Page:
Here are some belated observations on President Trump’s recent decision to launch cruise missiles against Syria in retaliation for its use of a deadly gas against its own citizens:
Americans generally applaud the decision. And it’s an understandable, and laudable, response. It’s a reaction to years of a foreign policy that dealt with our enemies by means of conciliation, apology and appeasement. So people are heartened when a president seems to be acting resolutely in confronting a loathsome tyrant. Attacking Syria’s Assad is interpreted as a sign of strength, as a welcome act of American self-assertiveness. Trump is seen as forcefully defending America’s interests.
But this is a serious misinterpretation. Bombing Syria is actually detrimental to our interests. Not because it upsets our relationship with Russia. Not because there was no prior approval from the United Nations. And not because of the shibboleth that “force is not a solution to global problems.” Rather, it’s because of the standard by which Trump chose to justify the use of force.
Trump took military action against the Assad government, despite often declaring that he wouldn’t, because he was distraught over pictures of the victims of the chemical weapons, particularly children. Trump did not suddenly determine that U.S. interests were being jeopardized; he simply felt a duty to alleviate the Syrians’ suffering. As Secretary of State Rex Tillerson explained several days after the attack: “We rededicate ourselves to holding to account any and all who commit crimes against the innocents anywhere in the world.”
In other words, if there is a conflict somewhere in the world, if warring factions are trying to impose their respective brands of oppression and are crushing innocent victims in the process, we will mitigate the destruction. This means that the basis for American involvement is not our self-interest, but the needs of others. It means that American wealth and America lives will be sacrificed for the sake of those in need. Plainly, this is not self-assertiveness, but selfless-assertiveness.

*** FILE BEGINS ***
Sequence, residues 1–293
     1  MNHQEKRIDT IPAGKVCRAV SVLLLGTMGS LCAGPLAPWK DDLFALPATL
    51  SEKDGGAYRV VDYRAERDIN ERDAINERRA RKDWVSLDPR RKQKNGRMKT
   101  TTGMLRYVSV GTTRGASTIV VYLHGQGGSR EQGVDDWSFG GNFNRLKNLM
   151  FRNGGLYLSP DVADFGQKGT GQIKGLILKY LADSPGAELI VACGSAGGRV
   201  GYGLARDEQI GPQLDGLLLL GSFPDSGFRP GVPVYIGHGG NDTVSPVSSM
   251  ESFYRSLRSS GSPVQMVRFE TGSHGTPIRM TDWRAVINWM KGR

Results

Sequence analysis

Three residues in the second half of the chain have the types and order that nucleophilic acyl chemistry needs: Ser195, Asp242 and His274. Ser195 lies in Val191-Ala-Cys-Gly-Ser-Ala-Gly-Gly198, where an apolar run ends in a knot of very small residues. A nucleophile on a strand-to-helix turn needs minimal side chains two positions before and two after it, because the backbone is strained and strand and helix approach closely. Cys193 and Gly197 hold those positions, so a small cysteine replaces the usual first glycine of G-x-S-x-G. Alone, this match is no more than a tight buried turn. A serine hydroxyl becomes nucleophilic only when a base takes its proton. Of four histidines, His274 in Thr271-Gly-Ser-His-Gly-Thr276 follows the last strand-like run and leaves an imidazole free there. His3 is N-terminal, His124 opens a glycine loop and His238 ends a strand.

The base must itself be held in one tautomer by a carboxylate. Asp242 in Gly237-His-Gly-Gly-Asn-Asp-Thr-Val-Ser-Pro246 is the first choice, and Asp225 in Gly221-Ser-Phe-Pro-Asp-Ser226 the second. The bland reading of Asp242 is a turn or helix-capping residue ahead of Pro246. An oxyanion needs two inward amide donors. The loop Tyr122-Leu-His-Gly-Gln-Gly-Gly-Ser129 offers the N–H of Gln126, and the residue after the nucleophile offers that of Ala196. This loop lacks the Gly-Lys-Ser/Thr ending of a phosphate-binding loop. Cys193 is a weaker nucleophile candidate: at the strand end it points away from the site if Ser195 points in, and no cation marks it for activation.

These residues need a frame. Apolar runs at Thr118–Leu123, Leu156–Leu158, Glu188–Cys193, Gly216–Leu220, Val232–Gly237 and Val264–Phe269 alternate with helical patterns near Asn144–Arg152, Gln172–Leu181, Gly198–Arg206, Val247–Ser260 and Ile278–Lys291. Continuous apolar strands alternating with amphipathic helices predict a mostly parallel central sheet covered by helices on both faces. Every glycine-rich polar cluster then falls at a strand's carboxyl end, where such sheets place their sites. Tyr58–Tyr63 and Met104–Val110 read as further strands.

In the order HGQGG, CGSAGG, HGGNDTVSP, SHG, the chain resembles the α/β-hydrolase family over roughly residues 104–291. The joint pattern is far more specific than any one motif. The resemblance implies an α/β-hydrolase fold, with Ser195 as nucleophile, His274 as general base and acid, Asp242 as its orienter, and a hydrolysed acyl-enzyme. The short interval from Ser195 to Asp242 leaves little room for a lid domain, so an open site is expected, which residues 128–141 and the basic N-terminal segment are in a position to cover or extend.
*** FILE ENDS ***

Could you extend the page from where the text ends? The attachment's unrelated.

Syria poses little danger to the United States. But there are demonstrable threats to us elsewhere, such as from North Korea and Iran. A genuine act of self-assertiveness would be to eliminate those threats, which for a long time we have not only tolerated but actively abetted.
When a country’s foreign policy rests on no clear principles—when it’s an unpredictable and indecipherable hash of emotionalism, altruism and ad hoc machinations—when no firm guidelines exist to determine when we will or won’t use force—then “red lines” sprout up everywhere. And if America has an obligation to take action against “any and all who commit crimes against the innocents anywhere in the world,” then any failure to do so becomes evidence of weakness. If every evil committed by some vicious dictator is an assault against “America’s interests,” then inaction against such dictators shows a lack of will to uphold those “interests.”
If, however, we had a principled foreign policy, our government would understand that politically Americans have only one fundamental interest: their freedom—and that our policymakers’ sole task is to protect that freedom. When facing a situation like the one in Syria, therefore, they would morally condemn Assad’s tyranny while remaining true to the principle that we use force only when the liberty of Americans is threatened. They would refuse to treat Americans as selfless servants to the needs of the world. And they would make sure to employ force decisively against those who actually threaten us.
For a full explication of a proper foreign policy and of the meaning of a free country’s interests, see The Foreign Policy of Self-Interest: A Moral Ideal for America.